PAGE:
AUSTIN, Texas — More than a year after Gov. Greg Abbott funded a state-sanctioned homeless encampment off Highway 183, a nonprofit is bringing in additional support.
"Man we didn't have nothing. Water no. Food was you know, scarce," said Erica Soto, a resident at the camp of two years.
Since TOOF arrived in August, she said the circumstances changed drastically. The camp grew from 120 people to 150 people from August to October.
In addition to the portable toilets and sinks already available, TOOF brought in mobile hygiene clinics supplied with showers and hygiene products and a headquarters with a charging station. Organizers are in the process of building a kitchen for open use.
The nonprofit also provides case management to people living at the camp. This will help set them up for getting jobs and permanent housing.
Soto is a member of the community who gets paid by TOOF to clean the headquarters. She said the nonprofit is also helping her get an ID so she can receive her stimulus check, go to school and get a job.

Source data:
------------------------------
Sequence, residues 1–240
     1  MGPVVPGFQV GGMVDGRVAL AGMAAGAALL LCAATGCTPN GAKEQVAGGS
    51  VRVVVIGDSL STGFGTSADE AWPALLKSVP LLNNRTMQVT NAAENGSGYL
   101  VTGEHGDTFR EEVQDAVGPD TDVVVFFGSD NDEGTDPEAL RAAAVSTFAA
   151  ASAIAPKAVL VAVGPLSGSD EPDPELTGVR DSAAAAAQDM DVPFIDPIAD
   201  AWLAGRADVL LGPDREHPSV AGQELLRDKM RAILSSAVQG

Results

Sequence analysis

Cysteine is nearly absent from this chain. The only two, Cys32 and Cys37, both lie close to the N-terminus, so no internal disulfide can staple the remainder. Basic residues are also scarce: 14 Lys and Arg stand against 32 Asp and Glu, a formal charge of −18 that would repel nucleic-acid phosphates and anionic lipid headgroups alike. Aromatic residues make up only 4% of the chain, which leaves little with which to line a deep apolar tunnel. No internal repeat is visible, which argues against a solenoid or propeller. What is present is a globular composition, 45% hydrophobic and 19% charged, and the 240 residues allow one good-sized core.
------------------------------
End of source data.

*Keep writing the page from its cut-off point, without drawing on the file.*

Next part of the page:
"People are coming out here in these community meetings to try to create a solution-focused community," said Max Moscoe, TOOF's communication's director.
While the maintenance of the land is supported by the Texas Department of Transportation, TOOF relies on private donors to fund their programs and support services.
The state staffs one officer with the Department of Public Safety and a couple of emergency management workers at all times.
Moscoe said it was important for the TOOF to reimagine how services would work during a global pandemic, so the timing of the move was important.
"Homelessness service delivery has traditionally been in a congregate model, one place one time, to get all different services," he said.
Instead, the camp offers all services without requiring people to move from place to place, increasing the chances the virus would spread.
However, Moscoe said the community has not had cases of COVID-19 or anyone presenting symptoms.
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